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Old November 9th, 2012, 09:56 AM   #1
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Public School Latin Pronunciation.


In David Copperfield Mrs Micawber refers to her father's frequently saying 'Experientia does it'. Clearly this is 'experientia docet', and suggests that the 'c' was then pronounced 's'. My Latin teacher reckons that such old Latin saws were pronounced as if they were English, and certainly the 'traditional' Latin pronunciation, at least in the English public schools, was not only remarkably unlike what we are taught now but,on the evidence of Church Latin, unlike what was normal on the Continent. Does anyone know when this unlikeness began (presumably when the Church here was under the Pope Latin here was standard)? Did it happen as a result of the Reformation? The Tudor grammar schools? What? Any information gratefully received.
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Old November 9th, 2012, 10:07 AM   #2

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There is a Wiki article on the matter:
Traditional_English_pronunciation_of_Latin Traditional_English_pronunciation_of_Latin

As it points out, the traditional English pronunciation has been preserved in legal and medical terminology, and some names etc., so one can reconstruct it from that. Thus the c in 'biceps' is pronounced as an s.

When I was at school, some time before the flood, the reconstructed ancient pronunciation was used, but with some reservations. It was felt, for instance, that to pronounce Latin v as w (weeny weedy weaky) would be a bit over the top for an Englishman, like referring to Munich as München.
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Old November 9th, 2012, 10:30 AM   #3
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Originally Posted by Linschoten View Post
There is a Wiki article on the matter:
Traditional English pronunciation of Latin - Wikipedia, the free encyclopedia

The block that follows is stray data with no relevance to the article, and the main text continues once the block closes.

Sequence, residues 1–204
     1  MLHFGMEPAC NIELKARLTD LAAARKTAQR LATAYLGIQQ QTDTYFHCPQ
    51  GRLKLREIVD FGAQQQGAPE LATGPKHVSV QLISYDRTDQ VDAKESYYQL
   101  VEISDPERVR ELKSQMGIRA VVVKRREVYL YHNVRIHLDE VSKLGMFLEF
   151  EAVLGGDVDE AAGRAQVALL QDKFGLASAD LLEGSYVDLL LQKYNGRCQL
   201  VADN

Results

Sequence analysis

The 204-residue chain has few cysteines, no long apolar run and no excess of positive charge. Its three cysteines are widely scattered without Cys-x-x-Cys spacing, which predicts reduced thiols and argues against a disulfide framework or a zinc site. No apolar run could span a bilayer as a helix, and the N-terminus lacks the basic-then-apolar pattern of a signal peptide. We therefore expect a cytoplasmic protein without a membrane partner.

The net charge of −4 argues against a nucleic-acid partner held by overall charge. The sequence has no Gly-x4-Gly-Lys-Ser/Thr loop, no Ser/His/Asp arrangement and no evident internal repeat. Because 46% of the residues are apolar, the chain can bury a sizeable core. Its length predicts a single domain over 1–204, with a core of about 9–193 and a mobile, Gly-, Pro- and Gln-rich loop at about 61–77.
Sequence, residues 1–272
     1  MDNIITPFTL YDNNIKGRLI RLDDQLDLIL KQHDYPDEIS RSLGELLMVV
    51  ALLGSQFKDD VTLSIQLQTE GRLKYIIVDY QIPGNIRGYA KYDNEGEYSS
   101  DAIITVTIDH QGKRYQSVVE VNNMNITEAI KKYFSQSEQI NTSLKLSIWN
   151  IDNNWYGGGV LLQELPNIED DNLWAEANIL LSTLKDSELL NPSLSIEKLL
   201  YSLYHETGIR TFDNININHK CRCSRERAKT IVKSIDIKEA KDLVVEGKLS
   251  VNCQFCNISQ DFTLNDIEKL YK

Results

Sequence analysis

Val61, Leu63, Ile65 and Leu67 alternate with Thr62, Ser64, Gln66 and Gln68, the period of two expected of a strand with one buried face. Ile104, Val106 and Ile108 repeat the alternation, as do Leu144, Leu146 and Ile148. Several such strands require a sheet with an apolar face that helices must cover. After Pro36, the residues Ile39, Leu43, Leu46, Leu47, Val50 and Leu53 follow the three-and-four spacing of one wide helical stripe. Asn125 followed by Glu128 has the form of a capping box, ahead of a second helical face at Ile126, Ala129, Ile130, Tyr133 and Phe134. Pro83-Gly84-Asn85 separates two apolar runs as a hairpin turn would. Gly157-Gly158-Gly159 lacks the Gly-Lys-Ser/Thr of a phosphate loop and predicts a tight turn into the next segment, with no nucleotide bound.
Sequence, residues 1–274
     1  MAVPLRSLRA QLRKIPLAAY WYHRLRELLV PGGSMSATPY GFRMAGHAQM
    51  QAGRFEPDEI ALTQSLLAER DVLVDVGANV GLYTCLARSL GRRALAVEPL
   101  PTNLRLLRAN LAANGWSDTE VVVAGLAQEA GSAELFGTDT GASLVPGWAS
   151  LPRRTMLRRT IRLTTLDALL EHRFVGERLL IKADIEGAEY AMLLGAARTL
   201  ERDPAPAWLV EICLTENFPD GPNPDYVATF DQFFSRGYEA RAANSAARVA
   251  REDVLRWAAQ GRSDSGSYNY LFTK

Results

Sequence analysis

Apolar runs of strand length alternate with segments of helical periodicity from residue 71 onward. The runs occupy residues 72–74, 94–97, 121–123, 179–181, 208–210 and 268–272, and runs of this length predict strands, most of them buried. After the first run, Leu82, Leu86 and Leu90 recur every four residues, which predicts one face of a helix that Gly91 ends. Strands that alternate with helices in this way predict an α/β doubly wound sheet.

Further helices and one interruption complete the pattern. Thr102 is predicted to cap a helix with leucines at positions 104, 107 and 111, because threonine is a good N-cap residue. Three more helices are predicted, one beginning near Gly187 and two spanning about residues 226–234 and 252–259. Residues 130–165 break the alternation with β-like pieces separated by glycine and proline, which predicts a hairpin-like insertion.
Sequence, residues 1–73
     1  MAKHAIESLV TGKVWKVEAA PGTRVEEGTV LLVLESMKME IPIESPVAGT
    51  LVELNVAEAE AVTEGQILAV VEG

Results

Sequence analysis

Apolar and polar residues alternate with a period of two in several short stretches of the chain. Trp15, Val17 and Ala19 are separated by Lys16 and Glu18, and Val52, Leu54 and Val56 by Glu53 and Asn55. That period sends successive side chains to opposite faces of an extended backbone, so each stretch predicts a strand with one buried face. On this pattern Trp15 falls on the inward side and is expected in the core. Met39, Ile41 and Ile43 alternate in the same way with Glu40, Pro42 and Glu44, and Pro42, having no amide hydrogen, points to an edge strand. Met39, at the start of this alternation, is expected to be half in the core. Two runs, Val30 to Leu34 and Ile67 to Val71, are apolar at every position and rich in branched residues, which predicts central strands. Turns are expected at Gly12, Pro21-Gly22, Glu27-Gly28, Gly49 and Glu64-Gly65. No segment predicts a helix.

As it points out, the traditional English pronunciation has been preserved in legal and medical terminology, and some names etc., so one can reconstruct it from that. Thus the c in 'biceps' is pronounced as an s.

When I was at school, some time before the flood, the reconstructed ancient pronunciation was used, but with some reservations. It was felt, for instance, that to pronounce Latin v as w (weeny weedy weaky) would be a bit over the top for an Englishman, like referring to Munich as München.
Thanks - the article, though, doesn't aswer the 'Church' point, and there must have been a fairly large transfer of at least senior clerics from country to country, as of monks. The medical and legal point is well taken, and I was more or less aware of it. The question of special 'national' pronunciations reads back into the days of Rome itself, I think, for there seems little evidence of sneering at accents from distant provinces, at least in the surviving literature, so it is odd that such a thing should develop if people were learning it as a dead and essentially 'foreign' tongue. Perhaps I need to rethink the function of Latin and people's attitudes to it in later times.

When I was in school they sounded the 'v' as 'w', but with a sort of wry smile.
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Old November 9th, 2012, 12:26 PM   #4

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I was always taught that the 'c' was always pronounced the same as 'k'.
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Old November 9th, 2012, 12:37 PM   #5
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I was always taught that the 'c' was always pronounced the same as 'k'.
Yes, so was I - but clearly they weren't always teaching that. I'm interested in what causes such changes, and in who, if anyone, acts as the 'model' when it is not the local parish priest.
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Old November 10th, 2012, 10:33 AM   #6

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Quote:
Originally Posted by Belisarius View Post
I was always taught that the 'c' was always pronounced the same as 'k'.
As did I, it was certainly how I was taught, both at school (a public one) and then university.



A result of the development of the field of linguistics?
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